Employment Colleagues,


We value you and your business and want to introduce you to some potentially great employees.


We welcome your help in advancing the employment opportunities for adults diagnosed on the high-functioning end of the Autism Spectrum – often called Asperger’s Syndrome.


In my own work, and as part of the Spectrum Employment Community, by AASCEND, I’m part of an employment initiative assisting this population become well employed.  For a look at our ongoing work, please view our LinkedIn profile.


I’m reaching out to you because we are working to build partnerships with community employers. This partnership will bring a proven and highly valued diversity inclusion to your workplace.


We welcome the opportunity to introduce you to this segment of the disabled population.  Their disability is considered a “hidden disability” and until very recently it has remained “under the radar,” so to speak.


Within this population, current statistics tell that approximately 80% of adults are unemployed, underemployed, or sporadically employed.


A significant barrier to employment is that, in an interviewing situation, these are,

often times, the people who seem to have:

            • low enthusiasm

            • a flat affect to their personality and speech

            • few words and minimal examples to offer in response to interview questions

            • and may appear, really, to be uninterested in the position for which they are interviewing

              and are, thus, not selected for employment.


As it seems, nothing could be further from the truth.  Factors, related to this disorder, create these affects and how to express themselves – offering impactful communication – is just plain hard.


Despite this perceived response from an interview, it is well appreciated by business owners that employ people with this hidden disability, that once trained in their role, they offer tremendous loyalty, great attention to detail, an ability to maintain focus on repetitious tasks, and a real commitment to “getting the job done!”


I’ve included, here, links to two YouTube video.  Please take a few minutes to view them.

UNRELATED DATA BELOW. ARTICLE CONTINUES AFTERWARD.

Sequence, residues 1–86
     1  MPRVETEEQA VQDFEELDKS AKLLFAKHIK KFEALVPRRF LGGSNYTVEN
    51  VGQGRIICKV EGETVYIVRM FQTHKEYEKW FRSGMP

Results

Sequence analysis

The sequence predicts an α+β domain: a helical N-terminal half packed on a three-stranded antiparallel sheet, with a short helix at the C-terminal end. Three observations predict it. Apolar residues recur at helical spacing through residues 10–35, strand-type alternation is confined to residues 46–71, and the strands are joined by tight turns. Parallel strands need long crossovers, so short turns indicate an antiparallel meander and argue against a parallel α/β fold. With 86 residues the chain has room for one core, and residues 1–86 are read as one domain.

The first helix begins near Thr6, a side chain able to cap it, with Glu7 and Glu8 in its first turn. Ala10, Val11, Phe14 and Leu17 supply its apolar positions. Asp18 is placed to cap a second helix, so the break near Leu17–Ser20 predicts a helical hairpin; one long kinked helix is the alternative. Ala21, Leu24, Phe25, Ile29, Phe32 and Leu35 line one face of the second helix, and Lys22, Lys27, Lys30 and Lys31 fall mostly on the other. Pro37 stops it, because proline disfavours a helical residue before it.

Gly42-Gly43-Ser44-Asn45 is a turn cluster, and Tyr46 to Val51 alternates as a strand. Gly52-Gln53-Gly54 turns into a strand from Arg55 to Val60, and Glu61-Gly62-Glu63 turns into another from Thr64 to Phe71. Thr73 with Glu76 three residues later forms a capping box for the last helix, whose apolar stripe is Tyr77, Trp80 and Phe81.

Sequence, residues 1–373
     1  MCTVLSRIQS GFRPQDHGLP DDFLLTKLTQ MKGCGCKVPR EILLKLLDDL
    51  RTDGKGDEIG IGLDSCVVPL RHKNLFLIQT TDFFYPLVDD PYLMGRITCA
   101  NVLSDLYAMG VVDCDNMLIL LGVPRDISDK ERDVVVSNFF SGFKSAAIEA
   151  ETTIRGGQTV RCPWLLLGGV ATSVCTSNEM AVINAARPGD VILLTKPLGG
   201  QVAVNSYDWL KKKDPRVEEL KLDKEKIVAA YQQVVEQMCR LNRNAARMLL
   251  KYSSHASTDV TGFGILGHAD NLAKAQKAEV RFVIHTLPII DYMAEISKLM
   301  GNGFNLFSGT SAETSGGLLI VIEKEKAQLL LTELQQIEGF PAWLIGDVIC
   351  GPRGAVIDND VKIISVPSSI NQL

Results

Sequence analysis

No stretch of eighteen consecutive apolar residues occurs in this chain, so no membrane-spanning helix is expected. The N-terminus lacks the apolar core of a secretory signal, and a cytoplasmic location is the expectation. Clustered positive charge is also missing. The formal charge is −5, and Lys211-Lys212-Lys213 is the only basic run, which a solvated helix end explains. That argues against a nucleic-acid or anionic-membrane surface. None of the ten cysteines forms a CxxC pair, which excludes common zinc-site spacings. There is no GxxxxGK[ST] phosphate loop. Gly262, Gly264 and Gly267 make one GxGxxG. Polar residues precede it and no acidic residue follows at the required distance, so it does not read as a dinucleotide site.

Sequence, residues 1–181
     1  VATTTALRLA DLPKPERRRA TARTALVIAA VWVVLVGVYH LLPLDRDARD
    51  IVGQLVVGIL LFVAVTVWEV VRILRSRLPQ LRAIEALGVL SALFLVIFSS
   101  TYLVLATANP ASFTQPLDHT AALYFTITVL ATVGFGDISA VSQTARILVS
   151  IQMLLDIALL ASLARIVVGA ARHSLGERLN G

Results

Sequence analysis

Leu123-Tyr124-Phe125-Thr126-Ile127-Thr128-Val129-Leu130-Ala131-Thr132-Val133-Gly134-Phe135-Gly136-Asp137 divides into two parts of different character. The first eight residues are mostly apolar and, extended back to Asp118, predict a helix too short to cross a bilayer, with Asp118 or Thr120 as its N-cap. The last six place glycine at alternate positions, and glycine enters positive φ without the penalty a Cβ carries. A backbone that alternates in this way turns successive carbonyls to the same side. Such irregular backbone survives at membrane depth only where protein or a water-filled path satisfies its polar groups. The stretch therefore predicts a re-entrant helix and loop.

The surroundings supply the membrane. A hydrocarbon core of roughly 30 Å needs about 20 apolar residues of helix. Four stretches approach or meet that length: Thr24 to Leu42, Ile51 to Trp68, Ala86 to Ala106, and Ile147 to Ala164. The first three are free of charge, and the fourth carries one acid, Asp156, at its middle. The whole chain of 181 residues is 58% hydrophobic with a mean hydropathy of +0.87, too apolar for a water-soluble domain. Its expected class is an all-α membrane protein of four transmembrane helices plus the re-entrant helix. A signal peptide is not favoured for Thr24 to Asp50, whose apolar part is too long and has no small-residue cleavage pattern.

The first video provides information about characteristics, both strengths and weaknesses,

of people with Asperger’s.  (It also has some great music!)



















The second video discusses the topic of "Why should an employer hire, or not

hire, a person with Asperger’s Syndrome?" and "How does one find employers willing

to hire a person with Asperger’s Syndrome?"




















Another barrier to employment, due to one aspect of their disorder being limited to the understanding of social interactions, is the current practice of the on-line application process.  It can be extremely daunting as many scenarios to answer are based in this understanding of sociability.


Being impacted by this social challenge - which a well-executed job search and interview process is, a socially arduous process – is where I come in.


After having met high-functioning people on this spectrum and having the opportunity to work alongside them in developing their abilities to pursue and maintain employment, I always make contacts to potential employers, on their behalf.  With care for the legal considerations that employers must follow, I step in to assist those who are professionally diagnosed and who have chosen to disclose their diagnosis, prior to interviewing, in the hope of being understood and accepted – and to be offered employment.


I’m reaching out to you, today, because it is my passion to come alongside high-functioning people on this spectrum who want to be employed and help create partnerships of employment.  There are many adults right in your community who would, forever, be grateful for the opportunity they could have within your organization and you may gain an employee that you will be able to train and receive many years of committed employment which will result in a significant return on your investment.


Even if you and I live on opposite sides of the country, we can work together.


The role that I offer to you, in consideration of interviewing/hiring a spectrum person is to help define a job description that utilizes their strengths, and to, at any interval, meet to continue to develop the skills and characteristics that will bring success to your employee and, ultimately, to your business.


To learn more or just toss ideas back and forth – please send your email my way.


Remember to check out the Spectrum Employment Community, by AASCEND LinkedIn profile to view and get in on this dialogue ---


Thank you for your consideration!



~ coaching neurodiverse adults into the self-determined life they choose ~

Active Living Skills  •  Career Development  •  Educational Pursuit  •  Employment

Asperger’s • High-Functioning Autism • AD(H)D • Dyslexia • Anxiety • PTSD